• prs copy copies secret data to your clipboard, and clears it after 20 seconds

Reference: XKCD 538

Note: prs does not provide any warranty in any way, shape or form for damage due to leaked secrets or other issues.


Is prs secure? How secure is prs?

Please read the Security section.

How do I use sync with git?

If you already have a remote password store repository that is compatible with prs, clone it using:

# Clone existing remote password store, automatically enables sync
prs clone MY_GIT_URL

# List secrets
prs list

If you do not have a remote password store repository yet, create one (an empty private repository on GitHub or GitLab for example), and run the following:

# Initialize new password store (if you haven't done so yet)
prs init

# Initialize sync functionality (if you haven't done so yet)
prs sync init

# Set your remote repository URL and sync to push your password store
prs sync remote MY_GIT_URL
prs sync

When sync is enabled on your password store, all commands that modify your secrets will automatically keep your remote store in sync.

To manually trigger a sync because you edited a secret on a different machine, run:

prs sync

How do I use prs on multiple machines and sync between them?

Note: adding and using your existing password store on a new/additional machine requires you to have access to a machine that already uses the store during setup.

First, you must have a password store on one machine. Create one (with prs init) if you don't have any yet. You must set up sync with a remote git repository for this passwords store, see the How do I use sync with git section.

To use your existing password store on a new machine, install prs and clone your remote password store:

# On new machine: clone existing password store from git remote
prs clone MY_GIT_URL

Then add a recipient to the password store for your new machine. I highly recommend to use a new recipient (GPG key pair) for each machine (so you won't have to share secret GPG keys). Add an existing secret GPG key as recipient, or generate a new GPG key pair, using:

# On new machine: add existing recipient or generate new one
prs recipients add --secret
# or
prs recipients generate

Your new machine can't read any password store secrets yet, because they are not encrypted for its recipient yet. Go back to an existing machine you already use the store on, and re-encrypt all secrets to also encrypt them for the new recipient:

# On existing machine: re-encrypt all secrets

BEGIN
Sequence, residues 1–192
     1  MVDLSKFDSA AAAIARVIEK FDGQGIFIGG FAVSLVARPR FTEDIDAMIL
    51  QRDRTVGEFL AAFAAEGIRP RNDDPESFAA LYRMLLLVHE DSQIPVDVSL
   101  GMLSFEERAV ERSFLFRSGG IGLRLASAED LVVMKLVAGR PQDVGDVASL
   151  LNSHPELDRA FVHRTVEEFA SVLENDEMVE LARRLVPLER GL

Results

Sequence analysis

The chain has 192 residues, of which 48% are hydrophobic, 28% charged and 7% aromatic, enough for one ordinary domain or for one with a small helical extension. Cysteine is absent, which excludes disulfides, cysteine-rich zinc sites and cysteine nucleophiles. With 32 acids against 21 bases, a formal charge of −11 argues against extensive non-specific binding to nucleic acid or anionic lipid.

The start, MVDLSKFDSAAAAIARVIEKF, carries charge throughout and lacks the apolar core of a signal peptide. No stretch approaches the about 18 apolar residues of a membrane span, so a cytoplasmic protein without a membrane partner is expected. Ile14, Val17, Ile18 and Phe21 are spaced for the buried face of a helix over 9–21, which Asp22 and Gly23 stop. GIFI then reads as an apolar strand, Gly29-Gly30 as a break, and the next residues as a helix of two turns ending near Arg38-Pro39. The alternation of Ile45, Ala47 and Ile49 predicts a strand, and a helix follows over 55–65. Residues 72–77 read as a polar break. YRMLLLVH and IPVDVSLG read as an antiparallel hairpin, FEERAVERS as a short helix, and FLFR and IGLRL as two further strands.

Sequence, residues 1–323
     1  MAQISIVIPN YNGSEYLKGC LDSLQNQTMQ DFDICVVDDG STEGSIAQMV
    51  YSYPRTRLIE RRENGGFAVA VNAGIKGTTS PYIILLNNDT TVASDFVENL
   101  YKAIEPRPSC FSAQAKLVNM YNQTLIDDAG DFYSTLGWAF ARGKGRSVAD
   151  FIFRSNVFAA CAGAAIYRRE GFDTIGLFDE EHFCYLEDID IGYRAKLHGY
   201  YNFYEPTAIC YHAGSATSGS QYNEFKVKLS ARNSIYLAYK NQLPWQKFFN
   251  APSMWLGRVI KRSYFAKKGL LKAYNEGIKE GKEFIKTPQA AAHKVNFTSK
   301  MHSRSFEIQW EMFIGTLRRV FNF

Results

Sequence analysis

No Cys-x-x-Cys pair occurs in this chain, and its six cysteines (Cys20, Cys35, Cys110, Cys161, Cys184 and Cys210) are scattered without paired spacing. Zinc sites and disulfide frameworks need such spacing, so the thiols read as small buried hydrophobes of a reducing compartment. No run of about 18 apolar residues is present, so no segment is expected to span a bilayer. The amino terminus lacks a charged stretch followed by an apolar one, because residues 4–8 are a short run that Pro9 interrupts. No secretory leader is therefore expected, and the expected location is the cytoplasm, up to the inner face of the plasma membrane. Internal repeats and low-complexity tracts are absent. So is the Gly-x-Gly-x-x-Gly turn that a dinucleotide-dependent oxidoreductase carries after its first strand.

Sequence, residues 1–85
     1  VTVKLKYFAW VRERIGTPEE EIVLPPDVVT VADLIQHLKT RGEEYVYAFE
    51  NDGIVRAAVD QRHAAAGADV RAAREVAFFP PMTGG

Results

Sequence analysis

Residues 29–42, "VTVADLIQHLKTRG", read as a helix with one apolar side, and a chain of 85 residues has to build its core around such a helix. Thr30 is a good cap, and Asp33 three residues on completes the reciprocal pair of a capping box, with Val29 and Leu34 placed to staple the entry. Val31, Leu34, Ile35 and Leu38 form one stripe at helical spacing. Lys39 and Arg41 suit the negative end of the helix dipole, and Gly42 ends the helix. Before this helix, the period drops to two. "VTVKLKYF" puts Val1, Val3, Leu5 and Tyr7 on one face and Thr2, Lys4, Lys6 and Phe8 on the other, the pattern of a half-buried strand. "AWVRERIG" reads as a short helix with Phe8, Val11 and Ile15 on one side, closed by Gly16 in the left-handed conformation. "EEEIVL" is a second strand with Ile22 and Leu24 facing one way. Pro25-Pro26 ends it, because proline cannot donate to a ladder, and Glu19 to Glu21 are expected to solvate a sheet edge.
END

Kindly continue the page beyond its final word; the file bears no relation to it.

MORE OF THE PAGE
prs housekeeping recrypt --all

This may take a while. Once done, sync on your new machine to pull in the updated secrets:

# On new machine: pull in all re-crypted secrets
prs sync

# You're done!
prs list

How do I use prs on mobile?

prs itself does not support mobile, but there are compatible clients you can use to use your password store on mobile.

See Compatible Clients on passs website.

Can I recover my secrets if I lost my key?

No, if you lose all keys, there is no way to recover your secrets.

You might lose your key (recipient, GPG secret key) if your machine crashes or if you reinstall it's operating system.

If you are using the same password store on multiple machines with git sync, you can still read the secrets on your other machines. To re-add the machine you lost your key on, remove the password store from it and see this section.

Is prs compatible with pass?


prs uses the same file structure as pass. Other pass clients should be able to view and edit your secrets.

prs does add additional files and settings, some prs features might not work with other pass clients.

See a list of compatible pass clients here.


$ prs help

prs-cli 0.1.6
Tim Visee <3a4fb3964f@sinenomine.email>
Secure, fast & convenient password manager CLI with GPG & git sync


    -f, --force          Force the action, ignore warnings
    -h, --help           Prints help information
    -I, --no-interact    Not interactive, do not prompt
    -q, --quiet          Produce output suitable for logging and automation
    -V, --version        Prints version information
    -v, --verbose        Enable verbose information and logging
    -y, --yes            Assume yes for prompts

    add             Add a secret
    alias           Alias/symlink a secret
    clone           Clone existing password store
    copy            Copy secret to clipboard
    duplicate       Duplicate a secret
    edit            Edit a secret
    generate        Generate a secure secret
    git             Invoke git command in password store
    help            Prints this message or the help of the given subcommand(s)
    housekeeping    Housekeeping utilities
    init            Initialize new password store
    list            List all secrets
    move            Move a secret
    recipients      Manage store recipients
    remove          Remove a secret
    show            Display a secret
    sync            Sync password store


This project is released under the GNU GPL-3.0 license. Check out the LICENSE file for more information.

The library portion of this project is licensed under the GNU LGPL-3.0 license. Check out the lib/LICENSE file for more information.


~388K SLoC